14) For this cause I bow my knees unto the Father of our Lord Jesus Christ,
15) Of whom the whole family in heaven and earth is named,
16) That he would grant you, according to the riches of his glory, to be strengthened with might by his Spirit in the inner man;
17) That Christ may dwell in your hearts by faith; that ye, being rooted and grounded in love,
18) May be able to comprehend with all saints what is the breadth, and length, and depth, and height;
19) And to know the love of Christ, which passeth knowledge, that ye might be filled with all the fulness of God.
20) Now unto him that is able to do exceeding abundantly above all that we ask or think, according to the power that worketh in us,
21) Unto him be glory in the church by Christ Jesus throughout all ages, world without end. Amen.Ephesians 3:14-21 (KJV)
As the New Year approaches, many establish resolutions to improve their lifestyles, habits, or relationships. While this is common practice, New Year’s resolutions are comically known for being broken.
Often, this is because they don’t align with the resolution-makers’ real priorities.
For example, if you spend very little time at home and you prioritize rest when you are home, preparing home-cooked meals every night would be a misaligned resolution, not because it’s impossible, but simply because it’s not what’s most important to you.“Like New Year’s resolutions, our prayers should reflect our priorities.”
Like New Year’s resolutions, our prayers should reflect our priorities. Often, our prayers of supplication pertain to the physical needs of those around us: healing from illness, financial provision, safe travel, and similar fulfillments of material needs.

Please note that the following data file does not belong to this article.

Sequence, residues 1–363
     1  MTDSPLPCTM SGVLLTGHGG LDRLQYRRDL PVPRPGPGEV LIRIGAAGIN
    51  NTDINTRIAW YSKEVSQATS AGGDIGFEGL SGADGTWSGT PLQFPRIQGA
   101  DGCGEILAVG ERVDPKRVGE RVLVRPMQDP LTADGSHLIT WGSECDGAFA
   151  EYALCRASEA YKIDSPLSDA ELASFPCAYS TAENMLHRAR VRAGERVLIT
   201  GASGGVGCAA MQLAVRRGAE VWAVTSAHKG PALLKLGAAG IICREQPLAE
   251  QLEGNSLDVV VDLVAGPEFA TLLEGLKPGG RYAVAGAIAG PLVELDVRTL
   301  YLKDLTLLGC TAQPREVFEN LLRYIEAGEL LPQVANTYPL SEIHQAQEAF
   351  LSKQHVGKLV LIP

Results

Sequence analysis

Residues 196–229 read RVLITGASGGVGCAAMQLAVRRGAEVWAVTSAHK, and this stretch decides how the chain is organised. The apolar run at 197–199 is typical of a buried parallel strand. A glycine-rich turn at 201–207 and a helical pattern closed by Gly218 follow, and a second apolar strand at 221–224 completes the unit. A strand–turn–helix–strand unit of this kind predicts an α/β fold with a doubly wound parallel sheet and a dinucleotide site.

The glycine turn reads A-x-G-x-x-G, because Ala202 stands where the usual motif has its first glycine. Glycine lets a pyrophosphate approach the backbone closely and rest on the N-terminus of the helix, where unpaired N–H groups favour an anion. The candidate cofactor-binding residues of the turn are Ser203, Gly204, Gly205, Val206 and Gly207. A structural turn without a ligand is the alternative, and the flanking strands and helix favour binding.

Of course, there is nothing wrong with these requests. Scripture makes it clear that God provides for our physical needs with food, drink, and clothing (Mat. 6:25-34), and even Paul requested prayers for his safe travel, deliverance from Judeans, and acceptance among the Jerusalem believers (Rom. 15:30-32).
However, Paul’s prayer for the churches in Ephesus in Ephesians 3:14-21 challenges our priorities in prayer.
In this passage, Paul offers a rich prayer for the spiritual lives of the believers he’s writing to.
He makes 3 main requests: that God would strengthen the believers with power through the Spirit, that Christ would dwell in their hearts through faith, and that they would know the love of Christ.
Paul concludes his supplication by explaining the end goal or priority of these requests, that the believers would be filled with all the fullness of God. (Eph. 3:19).“Are the spiritual lives of other believers important to you? Is this reflected in your prayer life?”
The fullness of God is also evident in how all 3 persons of the trinity are active in this request: the Father would grant spiritual strengthening (Eph. 3:16) through the Holy Spirit (Eph. 3:16) so Christ may dwell in their hearts (Eph. 3:17) and they may know Christ’s love (Eph. 3:19).
This prayer clearly reflects Paul’s priority to see the Ephesians’ spiritual flourishing.
Do our prayers reveal our desire to see the increased faith and love of those around us? Take inventory and assess your prayer life: Are the spiritual lives of other believers important to you? Is this reflected in your prayer life?
While New Year’s resolutions are often misaligned with true priorities, let us not allow our prayers to be the same way.
Let’s use Ephesians 3:14-21 as a framework as we pray for our own churches and communities of believers.
Dear heavenly Father, thank you for the church and community of believers that you’ve placed me in. I pray that according to the riches of Your glory You strengthen them with power through Your Spirit in their inner being, so that Christ may dwell in their hearts through faith, that being rooted and grounded in love, they may have strength to comprehend with all the saints what is the breadth and length and height and depth, and to know the love of Christ that surpasses knowledge. I ask all this so that they may be filled with all the fullness of God. Lord, I know you are able to do far more abundantly than all that I ask or think. Help me as I seek to align my priorities with my prayers. Amen.
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Prosperous Calvinist Family, anonymous, 162. The Rijksmuseum. SK-A-4469.